• chronic pain;
  • needs assessment;
  • nominal group technique;
  • patient perspectives;
  • patient–physician interactions;
  • PRECEDE–PROCEED planning model


Purpose  The purpose of this study was to better understand the experiences of people suffering from chronic pain in order to plan client-centred educational interventions.

Methods  People in the community with chronic pain were invited via newspapers, newsletters and e-mail discussion lists to participate in a needs assessment process and to attend an educational session at a local community college. Using the nominal group technique, which is a qualitative method of data gathering, 53 participants reported their perceived challenges and needs in dealing with chronic pain. Participants were randomly assigned to one of 10 groups ranging from three to seven people. Responses were pooled to develop an overall list of their major concerns and needs.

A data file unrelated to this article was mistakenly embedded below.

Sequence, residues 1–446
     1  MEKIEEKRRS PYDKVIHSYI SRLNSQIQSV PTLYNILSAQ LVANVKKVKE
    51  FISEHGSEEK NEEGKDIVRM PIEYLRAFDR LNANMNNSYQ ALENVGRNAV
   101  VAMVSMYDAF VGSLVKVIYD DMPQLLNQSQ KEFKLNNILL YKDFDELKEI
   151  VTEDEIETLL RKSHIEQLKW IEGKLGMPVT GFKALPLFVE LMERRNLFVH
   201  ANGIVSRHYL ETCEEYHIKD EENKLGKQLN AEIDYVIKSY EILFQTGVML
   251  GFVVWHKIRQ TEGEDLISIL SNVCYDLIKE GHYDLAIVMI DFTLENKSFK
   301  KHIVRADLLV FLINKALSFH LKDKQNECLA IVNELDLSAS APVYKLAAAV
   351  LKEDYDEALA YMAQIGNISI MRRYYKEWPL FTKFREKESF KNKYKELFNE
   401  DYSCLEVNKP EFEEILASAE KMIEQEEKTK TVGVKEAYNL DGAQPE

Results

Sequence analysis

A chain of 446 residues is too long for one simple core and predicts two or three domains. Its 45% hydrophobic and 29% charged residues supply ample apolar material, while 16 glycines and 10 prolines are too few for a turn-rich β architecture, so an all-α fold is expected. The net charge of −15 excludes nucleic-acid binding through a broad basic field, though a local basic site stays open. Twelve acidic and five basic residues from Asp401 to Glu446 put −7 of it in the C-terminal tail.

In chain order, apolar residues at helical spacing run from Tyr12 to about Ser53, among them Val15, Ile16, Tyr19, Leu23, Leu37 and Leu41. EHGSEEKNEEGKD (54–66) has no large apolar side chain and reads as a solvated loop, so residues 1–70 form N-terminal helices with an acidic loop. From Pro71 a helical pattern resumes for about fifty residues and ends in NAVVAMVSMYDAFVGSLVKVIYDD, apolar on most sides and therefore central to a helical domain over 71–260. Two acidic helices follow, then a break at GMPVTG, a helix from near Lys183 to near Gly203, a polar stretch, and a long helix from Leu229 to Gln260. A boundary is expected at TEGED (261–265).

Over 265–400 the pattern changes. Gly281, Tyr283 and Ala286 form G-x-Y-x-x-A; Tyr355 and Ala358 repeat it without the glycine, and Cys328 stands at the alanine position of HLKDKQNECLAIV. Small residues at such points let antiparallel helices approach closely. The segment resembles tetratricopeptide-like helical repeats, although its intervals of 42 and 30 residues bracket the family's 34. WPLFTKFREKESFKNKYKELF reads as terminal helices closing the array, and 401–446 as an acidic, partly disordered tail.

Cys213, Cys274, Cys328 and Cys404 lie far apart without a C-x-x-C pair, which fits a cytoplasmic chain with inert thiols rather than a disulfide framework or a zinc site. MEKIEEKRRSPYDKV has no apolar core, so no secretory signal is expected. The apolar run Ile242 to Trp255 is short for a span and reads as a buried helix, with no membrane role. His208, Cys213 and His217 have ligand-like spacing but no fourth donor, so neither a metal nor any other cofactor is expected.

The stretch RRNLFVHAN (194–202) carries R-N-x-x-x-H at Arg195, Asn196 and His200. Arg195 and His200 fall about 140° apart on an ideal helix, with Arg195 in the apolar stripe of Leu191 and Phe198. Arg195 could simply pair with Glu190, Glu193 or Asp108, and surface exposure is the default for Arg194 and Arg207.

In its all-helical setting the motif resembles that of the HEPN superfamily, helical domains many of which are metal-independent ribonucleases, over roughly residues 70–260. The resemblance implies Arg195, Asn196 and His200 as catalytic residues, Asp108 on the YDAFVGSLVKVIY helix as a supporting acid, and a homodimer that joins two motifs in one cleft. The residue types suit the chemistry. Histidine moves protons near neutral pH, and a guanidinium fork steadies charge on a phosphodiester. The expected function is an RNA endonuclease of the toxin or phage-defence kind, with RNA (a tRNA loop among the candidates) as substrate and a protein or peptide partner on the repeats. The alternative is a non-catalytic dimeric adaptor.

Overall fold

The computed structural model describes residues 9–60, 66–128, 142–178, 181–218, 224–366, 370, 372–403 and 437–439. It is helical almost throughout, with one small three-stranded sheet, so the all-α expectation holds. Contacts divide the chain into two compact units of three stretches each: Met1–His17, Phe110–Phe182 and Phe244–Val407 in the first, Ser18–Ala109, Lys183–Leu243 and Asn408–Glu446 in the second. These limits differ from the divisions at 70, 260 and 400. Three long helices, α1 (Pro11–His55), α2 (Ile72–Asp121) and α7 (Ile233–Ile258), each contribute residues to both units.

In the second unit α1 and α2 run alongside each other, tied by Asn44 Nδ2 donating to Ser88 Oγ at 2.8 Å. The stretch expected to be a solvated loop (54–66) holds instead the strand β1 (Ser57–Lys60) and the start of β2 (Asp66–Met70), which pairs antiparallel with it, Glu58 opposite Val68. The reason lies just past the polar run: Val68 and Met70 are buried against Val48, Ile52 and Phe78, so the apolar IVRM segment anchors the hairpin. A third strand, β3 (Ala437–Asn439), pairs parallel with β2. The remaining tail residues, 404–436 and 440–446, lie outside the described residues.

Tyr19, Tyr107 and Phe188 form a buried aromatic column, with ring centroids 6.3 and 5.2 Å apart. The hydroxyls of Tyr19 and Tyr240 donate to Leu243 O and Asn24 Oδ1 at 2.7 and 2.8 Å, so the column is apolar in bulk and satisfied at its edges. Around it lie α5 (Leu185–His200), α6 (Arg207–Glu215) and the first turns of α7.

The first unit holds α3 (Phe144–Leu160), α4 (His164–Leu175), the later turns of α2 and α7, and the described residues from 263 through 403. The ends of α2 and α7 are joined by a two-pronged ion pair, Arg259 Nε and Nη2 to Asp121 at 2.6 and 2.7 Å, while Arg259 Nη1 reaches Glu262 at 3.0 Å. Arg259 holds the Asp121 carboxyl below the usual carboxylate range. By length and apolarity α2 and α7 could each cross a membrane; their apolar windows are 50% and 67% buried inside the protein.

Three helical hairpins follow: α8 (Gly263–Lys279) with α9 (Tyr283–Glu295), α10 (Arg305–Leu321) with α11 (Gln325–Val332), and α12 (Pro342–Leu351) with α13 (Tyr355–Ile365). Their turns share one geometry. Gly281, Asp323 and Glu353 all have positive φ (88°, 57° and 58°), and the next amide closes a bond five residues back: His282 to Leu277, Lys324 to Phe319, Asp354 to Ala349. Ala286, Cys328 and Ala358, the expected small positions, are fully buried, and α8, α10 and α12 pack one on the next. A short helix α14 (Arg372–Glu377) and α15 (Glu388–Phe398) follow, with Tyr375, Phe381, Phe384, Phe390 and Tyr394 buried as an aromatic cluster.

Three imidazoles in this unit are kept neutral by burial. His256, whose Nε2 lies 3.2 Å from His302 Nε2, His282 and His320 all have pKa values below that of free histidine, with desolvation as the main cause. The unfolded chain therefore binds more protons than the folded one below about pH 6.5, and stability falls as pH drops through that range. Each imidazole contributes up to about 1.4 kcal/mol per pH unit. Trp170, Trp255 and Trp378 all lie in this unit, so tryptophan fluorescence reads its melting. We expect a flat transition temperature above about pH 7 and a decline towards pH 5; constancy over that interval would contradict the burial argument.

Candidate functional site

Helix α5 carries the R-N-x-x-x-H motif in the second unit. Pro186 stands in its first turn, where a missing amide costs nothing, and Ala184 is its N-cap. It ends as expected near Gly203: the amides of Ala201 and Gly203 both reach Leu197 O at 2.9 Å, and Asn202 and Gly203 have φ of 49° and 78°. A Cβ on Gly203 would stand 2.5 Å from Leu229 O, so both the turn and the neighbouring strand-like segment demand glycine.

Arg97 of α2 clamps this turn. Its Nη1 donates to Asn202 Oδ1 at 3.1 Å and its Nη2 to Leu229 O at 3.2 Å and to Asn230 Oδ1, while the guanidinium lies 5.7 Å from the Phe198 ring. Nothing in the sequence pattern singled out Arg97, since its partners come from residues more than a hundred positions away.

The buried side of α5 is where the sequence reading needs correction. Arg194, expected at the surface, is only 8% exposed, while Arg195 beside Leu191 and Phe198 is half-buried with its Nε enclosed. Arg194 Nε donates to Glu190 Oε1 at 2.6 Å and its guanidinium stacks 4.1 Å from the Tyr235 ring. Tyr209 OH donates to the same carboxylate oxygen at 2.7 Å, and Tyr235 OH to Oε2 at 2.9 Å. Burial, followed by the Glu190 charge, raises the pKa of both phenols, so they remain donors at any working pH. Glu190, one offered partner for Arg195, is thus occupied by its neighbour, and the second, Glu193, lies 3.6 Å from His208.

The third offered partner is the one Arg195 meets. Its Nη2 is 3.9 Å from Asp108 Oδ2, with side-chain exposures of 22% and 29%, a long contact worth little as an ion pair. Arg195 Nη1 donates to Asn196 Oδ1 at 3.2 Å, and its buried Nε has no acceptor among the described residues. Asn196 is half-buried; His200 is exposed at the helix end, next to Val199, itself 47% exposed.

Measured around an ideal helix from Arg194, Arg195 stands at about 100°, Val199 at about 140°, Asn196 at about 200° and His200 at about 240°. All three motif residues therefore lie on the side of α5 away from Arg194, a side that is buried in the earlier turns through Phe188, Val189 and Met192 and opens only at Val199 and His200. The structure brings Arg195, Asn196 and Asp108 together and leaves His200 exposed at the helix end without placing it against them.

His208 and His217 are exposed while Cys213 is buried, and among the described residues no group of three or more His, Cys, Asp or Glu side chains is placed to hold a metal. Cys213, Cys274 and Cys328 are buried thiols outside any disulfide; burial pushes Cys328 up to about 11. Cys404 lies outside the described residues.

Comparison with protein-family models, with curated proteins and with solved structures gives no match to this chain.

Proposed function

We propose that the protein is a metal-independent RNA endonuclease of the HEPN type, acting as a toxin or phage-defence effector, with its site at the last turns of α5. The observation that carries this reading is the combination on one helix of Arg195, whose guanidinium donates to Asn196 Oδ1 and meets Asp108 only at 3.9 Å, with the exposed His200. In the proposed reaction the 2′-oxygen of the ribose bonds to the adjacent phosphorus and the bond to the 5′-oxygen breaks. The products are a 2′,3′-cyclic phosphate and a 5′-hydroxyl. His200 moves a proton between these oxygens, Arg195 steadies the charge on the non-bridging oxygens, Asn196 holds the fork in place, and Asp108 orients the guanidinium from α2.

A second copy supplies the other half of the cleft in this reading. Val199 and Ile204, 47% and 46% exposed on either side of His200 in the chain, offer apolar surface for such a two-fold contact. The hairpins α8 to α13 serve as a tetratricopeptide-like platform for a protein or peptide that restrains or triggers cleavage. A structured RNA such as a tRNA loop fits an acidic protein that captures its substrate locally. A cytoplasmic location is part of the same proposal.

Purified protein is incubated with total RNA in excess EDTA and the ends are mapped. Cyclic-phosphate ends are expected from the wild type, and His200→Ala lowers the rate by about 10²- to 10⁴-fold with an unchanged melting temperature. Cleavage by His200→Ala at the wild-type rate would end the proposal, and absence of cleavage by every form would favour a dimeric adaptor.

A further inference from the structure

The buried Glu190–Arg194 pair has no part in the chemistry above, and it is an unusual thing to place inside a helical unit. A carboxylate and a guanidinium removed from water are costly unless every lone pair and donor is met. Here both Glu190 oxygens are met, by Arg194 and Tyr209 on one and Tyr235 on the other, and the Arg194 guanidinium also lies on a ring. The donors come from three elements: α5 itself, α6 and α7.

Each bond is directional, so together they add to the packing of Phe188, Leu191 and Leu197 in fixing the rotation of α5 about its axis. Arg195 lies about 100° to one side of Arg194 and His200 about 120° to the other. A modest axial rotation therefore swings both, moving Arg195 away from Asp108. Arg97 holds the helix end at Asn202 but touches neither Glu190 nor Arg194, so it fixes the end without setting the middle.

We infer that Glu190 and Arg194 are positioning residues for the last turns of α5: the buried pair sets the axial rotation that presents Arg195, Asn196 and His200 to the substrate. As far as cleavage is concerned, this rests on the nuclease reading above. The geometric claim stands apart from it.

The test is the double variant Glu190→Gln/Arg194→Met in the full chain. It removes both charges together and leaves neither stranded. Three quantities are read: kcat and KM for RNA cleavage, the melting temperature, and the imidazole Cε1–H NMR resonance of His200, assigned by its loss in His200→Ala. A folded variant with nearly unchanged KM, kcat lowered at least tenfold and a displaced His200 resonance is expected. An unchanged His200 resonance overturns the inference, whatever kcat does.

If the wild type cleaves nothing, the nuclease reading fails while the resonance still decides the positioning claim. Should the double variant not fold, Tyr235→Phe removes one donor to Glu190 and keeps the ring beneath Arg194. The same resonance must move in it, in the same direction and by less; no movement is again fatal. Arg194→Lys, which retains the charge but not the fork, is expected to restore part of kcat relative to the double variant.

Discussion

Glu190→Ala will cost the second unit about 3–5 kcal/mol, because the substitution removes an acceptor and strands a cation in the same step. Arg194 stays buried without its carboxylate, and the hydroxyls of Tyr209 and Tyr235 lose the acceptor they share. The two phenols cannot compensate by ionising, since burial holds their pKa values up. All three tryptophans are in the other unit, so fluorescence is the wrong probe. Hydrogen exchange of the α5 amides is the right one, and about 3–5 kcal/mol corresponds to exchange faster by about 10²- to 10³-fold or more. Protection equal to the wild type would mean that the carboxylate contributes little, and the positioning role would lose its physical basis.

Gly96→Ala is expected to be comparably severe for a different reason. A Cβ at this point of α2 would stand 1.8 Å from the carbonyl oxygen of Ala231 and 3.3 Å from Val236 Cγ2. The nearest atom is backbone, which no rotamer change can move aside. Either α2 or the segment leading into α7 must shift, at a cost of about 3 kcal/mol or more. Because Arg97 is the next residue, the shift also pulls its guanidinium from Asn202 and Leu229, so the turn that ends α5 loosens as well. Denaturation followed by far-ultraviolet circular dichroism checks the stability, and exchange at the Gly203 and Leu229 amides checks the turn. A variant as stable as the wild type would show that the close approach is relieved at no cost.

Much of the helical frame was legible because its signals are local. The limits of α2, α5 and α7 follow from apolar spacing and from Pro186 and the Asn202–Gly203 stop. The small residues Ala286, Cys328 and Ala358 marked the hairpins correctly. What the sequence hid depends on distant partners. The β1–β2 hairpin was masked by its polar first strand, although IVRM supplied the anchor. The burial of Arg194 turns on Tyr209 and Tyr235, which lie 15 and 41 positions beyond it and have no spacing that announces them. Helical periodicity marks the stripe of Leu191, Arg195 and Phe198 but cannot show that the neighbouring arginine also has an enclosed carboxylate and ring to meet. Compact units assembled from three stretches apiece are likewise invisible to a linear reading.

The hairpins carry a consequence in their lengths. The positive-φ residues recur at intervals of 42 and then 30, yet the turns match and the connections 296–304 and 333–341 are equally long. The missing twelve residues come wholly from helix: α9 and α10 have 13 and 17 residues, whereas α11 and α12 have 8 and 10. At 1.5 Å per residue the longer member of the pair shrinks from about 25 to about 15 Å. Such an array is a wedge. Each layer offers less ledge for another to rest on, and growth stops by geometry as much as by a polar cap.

Results  Issues were classified into six priority areas: medical and treatments, problems with daily living, emotional distress, social issues, sleep disturbances and financial issues. Participants indicated they had difficulty finding accessible, effective and acceptable care. Many participants perceived their family physician or other health-care providers were not adequately meeting their health-care needs. Specifically, sleep disorders; feeling of depression, irritability, worry and anxiety were perceived as medical and treatment areas requiring improvement. In addition, participants sought greater validation of their lived experience of chronic pain.

Conclusion  Participants perceived that their needs were not being met adequately. There is a need for further study on physician–patient communication and its impact on patient health status and disability.